It’s definitely the jazz time in Romania | BR to publish exclusive series of interviews next week

Oana Vasiliu 28/04/2017 | 16:50

From pain to absolute joy, jazz music expresses all the possible emotions. It’s not an assumption, it’s the reality. And everyone who listen this music will agree with me. But there is more. “Jazz is about making something familiar-a familiar song-into something fresh. And about making something shared-a tune that everyone knows-into something personal,” notes The National Museum of American History in its chapter regarding the origins of jazz.

On April 30, everyone in the world celebrates the great vibes jazz has brought to our lives, whether we are talking about classics or the new wave of jazz singers. To mark this celebration, Business Review will offer a series of interviews with the top jazz music organizers across Romania in an attempt to map the local jazz scene.

My assumption as a cultural journalist who has been writing about what’s happening in Romania on the cultural scene for five years now is that the jazz scene is blooming. We have more jazz festivals and special jazz concerts then never and the jazz events continue to grow in numbers. Does the Romanian public start to listen more jazz? This is what Business Review has asked the most important entertainment companies which are bringing jazz to their scenes.

The first positive answer about jazzing up the Romanian public came from the most known Romanian jazz festival, the one from Garana Mountains. Marius Giura, the director of Garana Festival, states that there is definitely an increase in the number of people listening to jazz. “Most probably not pure jazz fans, but listeners who find they like a particular style or type of jazz. And the increase, while significant, remains a small one and jazz is clearly not mainstream. So right now we have a hardcore group of jazz fans, followers of specific bands, listeners for whom jazz is just something they enjoy and the casual listener who enjoys listening to it but never actively searches for new concerts, venues or bands.”

jazz 2Alin Vaida, from Jazz in the Park, agrees with the fact that jazz scene is growing in Romania. “Jazz festivals, as other music festival, aren’t just about music, it’s the whole atmosphere that a festival can create: great big venues, many bands, a lot of things to do. If you do them properly, you will have more people going. Also, if others see that your event is doing good, they will also try to replicate it or do something in the same field,” adds Alin.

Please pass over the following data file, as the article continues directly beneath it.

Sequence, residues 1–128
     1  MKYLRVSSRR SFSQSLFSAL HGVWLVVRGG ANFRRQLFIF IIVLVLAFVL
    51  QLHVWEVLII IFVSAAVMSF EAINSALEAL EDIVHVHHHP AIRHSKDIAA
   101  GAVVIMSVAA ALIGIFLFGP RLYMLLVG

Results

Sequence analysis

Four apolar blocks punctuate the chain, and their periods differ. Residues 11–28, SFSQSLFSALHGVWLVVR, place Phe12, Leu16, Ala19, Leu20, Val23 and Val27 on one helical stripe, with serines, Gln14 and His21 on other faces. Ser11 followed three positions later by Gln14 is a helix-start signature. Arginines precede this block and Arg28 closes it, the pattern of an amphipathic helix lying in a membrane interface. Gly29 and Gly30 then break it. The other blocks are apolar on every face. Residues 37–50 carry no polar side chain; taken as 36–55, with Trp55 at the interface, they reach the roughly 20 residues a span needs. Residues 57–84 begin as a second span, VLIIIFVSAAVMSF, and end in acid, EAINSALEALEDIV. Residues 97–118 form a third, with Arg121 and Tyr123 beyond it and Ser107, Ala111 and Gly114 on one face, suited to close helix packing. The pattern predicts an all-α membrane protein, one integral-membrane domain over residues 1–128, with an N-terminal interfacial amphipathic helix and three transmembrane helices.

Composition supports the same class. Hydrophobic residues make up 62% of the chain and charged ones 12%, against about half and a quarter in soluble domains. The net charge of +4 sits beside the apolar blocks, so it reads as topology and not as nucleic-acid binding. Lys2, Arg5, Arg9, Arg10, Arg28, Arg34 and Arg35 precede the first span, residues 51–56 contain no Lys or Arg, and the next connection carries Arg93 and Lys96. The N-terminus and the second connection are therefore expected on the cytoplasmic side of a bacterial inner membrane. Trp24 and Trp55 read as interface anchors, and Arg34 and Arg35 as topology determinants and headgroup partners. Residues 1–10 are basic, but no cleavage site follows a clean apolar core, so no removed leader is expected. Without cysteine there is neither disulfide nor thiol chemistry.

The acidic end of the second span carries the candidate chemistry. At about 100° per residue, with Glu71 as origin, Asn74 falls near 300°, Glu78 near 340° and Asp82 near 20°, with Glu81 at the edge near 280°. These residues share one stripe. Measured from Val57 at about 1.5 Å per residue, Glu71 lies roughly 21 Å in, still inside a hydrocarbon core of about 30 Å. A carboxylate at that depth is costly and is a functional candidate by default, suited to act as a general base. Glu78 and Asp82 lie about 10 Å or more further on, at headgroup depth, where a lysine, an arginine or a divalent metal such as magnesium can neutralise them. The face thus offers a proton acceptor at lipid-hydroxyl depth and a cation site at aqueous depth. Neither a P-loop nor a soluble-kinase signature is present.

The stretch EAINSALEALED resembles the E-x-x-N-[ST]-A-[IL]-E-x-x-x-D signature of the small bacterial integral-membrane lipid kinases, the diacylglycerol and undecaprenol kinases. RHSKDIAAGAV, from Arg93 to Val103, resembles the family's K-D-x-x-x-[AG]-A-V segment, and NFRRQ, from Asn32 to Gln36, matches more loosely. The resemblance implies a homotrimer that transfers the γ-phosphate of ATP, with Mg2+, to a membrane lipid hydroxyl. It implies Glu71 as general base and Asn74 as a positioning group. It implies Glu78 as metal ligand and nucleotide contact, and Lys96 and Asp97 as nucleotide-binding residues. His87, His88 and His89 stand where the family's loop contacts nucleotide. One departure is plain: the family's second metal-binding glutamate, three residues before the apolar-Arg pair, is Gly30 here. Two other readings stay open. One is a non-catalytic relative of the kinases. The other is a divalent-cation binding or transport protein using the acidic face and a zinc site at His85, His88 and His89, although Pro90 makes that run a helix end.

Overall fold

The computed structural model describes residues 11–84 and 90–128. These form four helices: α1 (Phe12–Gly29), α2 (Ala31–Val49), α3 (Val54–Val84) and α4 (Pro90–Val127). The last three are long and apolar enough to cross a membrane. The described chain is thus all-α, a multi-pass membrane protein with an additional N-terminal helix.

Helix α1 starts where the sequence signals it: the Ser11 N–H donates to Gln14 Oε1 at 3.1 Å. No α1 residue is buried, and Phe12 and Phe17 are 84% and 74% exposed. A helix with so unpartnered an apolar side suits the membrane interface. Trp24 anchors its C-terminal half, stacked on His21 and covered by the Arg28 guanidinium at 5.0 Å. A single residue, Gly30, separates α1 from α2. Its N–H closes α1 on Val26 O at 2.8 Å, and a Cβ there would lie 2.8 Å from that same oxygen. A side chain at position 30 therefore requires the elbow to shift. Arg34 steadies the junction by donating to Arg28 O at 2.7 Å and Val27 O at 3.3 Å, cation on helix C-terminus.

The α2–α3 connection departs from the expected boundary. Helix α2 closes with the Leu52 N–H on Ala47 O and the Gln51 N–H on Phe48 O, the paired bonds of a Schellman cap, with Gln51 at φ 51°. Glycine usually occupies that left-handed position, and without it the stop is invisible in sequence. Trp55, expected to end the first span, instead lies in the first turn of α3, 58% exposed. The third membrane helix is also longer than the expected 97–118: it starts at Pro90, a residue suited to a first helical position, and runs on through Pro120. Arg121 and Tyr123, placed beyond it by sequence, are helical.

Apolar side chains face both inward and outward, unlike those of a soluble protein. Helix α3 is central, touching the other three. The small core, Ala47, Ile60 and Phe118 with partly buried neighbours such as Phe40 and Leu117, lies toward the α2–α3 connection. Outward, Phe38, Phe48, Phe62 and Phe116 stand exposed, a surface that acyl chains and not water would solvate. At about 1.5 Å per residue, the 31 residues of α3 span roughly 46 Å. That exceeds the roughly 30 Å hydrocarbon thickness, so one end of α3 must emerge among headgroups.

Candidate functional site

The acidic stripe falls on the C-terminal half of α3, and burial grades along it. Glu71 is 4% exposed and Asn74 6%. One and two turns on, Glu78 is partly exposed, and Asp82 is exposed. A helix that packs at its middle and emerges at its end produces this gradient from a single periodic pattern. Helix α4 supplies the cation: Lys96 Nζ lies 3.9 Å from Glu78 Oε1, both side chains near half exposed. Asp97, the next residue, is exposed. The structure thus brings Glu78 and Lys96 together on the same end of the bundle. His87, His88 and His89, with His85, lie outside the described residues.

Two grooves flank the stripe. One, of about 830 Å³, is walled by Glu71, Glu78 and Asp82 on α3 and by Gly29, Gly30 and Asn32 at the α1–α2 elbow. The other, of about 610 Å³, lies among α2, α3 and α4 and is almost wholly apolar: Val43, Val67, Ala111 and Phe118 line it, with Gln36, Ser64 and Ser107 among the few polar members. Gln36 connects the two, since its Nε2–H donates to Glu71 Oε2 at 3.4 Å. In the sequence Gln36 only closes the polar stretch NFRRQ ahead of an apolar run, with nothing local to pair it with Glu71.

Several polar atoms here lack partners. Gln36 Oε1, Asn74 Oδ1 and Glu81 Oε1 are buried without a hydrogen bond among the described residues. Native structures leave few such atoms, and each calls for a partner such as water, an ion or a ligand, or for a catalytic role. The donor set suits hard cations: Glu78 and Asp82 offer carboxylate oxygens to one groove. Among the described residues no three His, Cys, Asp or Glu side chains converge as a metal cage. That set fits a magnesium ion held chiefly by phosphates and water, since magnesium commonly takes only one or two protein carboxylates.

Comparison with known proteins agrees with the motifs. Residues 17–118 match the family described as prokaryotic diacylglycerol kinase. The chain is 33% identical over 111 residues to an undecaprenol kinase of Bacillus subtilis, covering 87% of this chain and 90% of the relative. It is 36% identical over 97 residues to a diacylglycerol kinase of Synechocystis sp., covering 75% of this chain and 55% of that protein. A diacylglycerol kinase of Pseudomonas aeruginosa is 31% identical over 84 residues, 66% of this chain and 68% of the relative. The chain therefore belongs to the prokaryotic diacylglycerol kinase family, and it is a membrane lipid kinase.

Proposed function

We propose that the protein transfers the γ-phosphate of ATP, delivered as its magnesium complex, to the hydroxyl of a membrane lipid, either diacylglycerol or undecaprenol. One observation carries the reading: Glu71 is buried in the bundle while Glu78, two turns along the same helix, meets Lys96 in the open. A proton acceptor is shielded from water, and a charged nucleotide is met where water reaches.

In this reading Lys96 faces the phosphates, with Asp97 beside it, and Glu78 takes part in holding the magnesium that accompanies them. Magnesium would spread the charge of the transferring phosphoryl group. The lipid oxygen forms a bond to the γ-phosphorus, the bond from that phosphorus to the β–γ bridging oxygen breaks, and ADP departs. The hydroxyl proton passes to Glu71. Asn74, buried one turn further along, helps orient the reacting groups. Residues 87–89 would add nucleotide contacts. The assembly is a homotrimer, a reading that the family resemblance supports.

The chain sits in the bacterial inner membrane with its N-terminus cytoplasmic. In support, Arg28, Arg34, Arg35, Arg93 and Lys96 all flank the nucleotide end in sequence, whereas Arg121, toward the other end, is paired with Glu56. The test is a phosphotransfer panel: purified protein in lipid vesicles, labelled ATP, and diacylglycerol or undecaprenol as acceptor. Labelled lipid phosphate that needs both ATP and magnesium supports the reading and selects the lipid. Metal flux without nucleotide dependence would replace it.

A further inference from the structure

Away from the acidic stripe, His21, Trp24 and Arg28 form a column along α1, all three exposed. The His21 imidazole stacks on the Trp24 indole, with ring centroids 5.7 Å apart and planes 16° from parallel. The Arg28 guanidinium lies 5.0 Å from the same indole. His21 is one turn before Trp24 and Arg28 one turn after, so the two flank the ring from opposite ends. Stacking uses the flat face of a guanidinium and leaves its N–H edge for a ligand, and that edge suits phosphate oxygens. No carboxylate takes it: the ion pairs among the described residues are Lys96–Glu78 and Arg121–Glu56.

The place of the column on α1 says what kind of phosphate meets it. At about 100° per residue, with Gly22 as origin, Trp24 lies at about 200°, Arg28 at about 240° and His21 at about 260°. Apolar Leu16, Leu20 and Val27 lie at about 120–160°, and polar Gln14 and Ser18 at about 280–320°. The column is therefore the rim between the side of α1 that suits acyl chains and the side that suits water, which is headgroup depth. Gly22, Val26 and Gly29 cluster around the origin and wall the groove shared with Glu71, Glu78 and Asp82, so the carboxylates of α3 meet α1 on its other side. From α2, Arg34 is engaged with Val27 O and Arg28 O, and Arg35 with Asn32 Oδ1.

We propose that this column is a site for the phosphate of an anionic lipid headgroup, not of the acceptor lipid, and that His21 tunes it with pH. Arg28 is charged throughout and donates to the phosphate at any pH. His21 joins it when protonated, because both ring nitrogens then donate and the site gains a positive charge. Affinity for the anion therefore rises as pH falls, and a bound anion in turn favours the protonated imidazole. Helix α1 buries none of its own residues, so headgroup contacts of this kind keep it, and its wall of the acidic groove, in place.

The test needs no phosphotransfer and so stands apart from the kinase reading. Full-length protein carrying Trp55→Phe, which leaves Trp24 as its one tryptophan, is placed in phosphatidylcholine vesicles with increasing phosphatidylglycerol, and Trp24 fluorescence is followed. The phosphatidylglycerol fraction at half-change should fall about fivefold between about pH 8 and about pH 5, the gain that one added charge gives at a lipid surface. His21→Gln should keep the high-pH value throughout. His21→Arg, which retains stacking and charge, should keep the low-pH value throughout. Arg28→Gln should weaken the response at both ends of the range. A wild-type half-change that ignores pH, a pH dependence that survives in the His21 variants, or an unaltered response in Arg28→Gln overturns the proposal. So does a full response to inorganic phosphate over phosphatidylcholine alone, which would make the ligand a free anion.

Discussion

From the other part of the country, Timisoara, Oltea Zambori, the Head of Communication for JazzTM states also that jazz music is gaining more Romanian ground.

“I think the Romanian public has always listened to jazz, but only now they discover that is was jazz what they are hearing. Jazz is such an eclectic music genre, going from croons to psychedelic instrumental music passages. I think jazz deserves to bloom because, until a few years ago, it was considered as being the music for high society. And it`s not like that at all.”

However, as much as we would like to think that the public has increased and the jazz is conquering the musical tops, we also have to bear in mind that jazz is a niche, everywhere in the world, not specific to our country. Dragos Basca from Twin Arts underlines this: “Once you create great, recurrent events, people are starting to respond and to crave for more great music. However, don’t forget that jazz is a small niche everywhere in the world and it takes a lot of work to develop a loyal following.”jazz 3

Lucian Ban, jazz player, composer and also curator for several jazz festivals emphasises also the niche part of this kind of music: “The statement that the jazz scene in Romania is booming might be a little overrated. Yes, we have the classical jazz festivals still going on, we have new ones and some jazz concerts in Bucharest produced by few promoters that are bringing international jazz musicians that we know of. However, I think that what is missing in Romania is the tour in the country and concerts throughout the year, not only in Bucharest, but also in the other cities: Cluj, Iasi, Sibiu and Timisoara. This means that having a network of concerts and presenters along with big festivals and big promoters will make Romania host a healthy jazz scene. But I do believe there is a constant interest of the audiences for jazz music.”


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